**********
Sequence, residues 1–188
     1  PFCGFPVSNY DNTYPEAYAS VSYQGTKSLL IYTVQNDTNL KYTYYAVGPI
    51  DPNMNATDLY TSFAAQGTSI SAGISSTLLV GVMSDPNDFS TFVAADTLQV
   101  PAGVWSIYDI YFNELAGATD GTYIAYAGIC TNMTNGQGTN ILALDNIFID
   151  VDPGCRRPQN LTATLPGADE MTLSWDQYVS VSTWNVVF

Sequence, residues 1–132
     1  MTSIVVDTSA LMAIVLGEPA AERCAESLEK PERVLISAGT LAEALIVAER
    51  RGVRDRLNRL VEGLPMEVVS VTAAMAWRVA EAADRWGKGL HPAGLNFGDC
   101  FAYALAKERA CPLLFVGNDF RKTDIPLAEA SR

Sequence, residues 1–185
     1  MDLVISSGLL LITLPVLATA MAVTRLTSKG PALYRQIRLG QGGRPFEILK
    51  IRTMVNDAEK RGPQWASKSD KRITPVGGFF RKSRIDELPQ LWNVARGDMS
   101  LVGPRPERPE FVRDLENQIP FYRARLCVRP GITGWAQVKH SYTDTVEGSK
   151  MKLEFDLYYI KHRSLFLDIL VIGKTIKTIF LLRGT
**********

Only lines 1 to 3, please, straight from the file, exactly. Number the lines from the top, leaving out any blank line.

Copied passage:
Sequence, residues 1–188
     1  PFCGFPVSNY DNTYPEAYAS VSYQGTKSLL IYTVQNDTNL KYTYYAVGPI
    51  DPNMNATDLY TSFAAQGTSI SAGISSTLLV GVMSDPNDFS TFVAADTLQV